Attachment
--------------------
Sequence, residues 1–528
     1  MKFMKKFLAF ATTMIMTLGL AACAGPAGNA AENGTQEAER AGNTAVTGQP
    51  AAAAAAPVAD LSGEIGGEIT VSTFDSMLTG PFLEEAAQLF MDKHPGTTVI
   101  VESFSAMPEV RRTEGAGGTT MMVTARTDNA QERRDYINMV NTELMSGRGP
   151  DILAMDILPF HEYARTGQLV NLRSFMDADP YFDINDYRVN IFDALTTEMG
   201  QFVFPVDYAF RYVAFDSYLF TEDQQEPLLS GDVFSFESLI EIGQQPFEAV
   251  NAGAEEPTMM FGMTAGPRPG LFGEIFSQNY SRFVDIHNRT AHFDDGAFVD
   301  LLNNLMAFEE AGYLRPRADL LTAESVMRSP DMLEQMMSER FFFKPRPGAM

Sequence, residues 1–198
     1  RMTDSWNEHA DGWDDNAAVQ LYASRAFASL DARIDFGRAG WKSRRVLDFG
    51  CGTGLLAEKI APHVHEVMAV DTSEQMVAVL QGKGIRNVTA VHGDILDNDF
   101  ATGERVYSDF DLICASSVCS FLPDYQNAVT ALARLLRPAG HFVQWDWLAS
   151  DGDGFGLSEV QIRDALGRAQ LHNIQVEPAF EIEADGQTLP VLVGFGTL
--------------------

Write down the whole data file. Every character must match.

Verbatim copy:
Sequence, residues 1–528
     1  MKFMKKFLAF ATTMIMTLGL AACAGPAGNA AENGTQEAER AGNTAVTGQP
    51  AAAAAAPVAD LSGEIGGEIT VSTFDSMLTG PFLEEAAQLF MDKHPGTTVI
   101  VESFSAMPEV RRTEGAGGTT MMVTARTDNA QERRDYINMV NTELMSGRGP
   151  DILAMDILPF HEYARTGQLV NLRSFMDADP YFDINDYRVN IFDALTTEMG
   201  QFVFPVDYAF RYVAFDSYLF TEDQQEPLLS GDVFSFESLI EIGQQPFEAV
   251  NAGAEEPTMM FGMTAGPRPG LFGEIFSQNY SRFVDIHNRT AHFDDGAFVD
   301  LLNNLMAFEE AGYLRPRADL LTAESVMRSP DMLEQMMSER FFFKPRPGAM

Sequence, residues 1–198
     1  RMTDSWNEHA DGWDDNAAVQ LYASRAFASL DARIDFGRAG WKSRRVLDFG
    51  CGTGLLAEKI APHVHEVMAV DTSEQMVAVL QGKGIRNVTA VHGDILDNDF
   101  ATGERVYSDF DLICASSVCS FLPDYQNAVT ALARLLRPAG HFVQWDWLAS
   151  DGDGFGLSEV QIRDALGRAQ LHNIQVEPAF EIEADGQTLP VLVGFGTL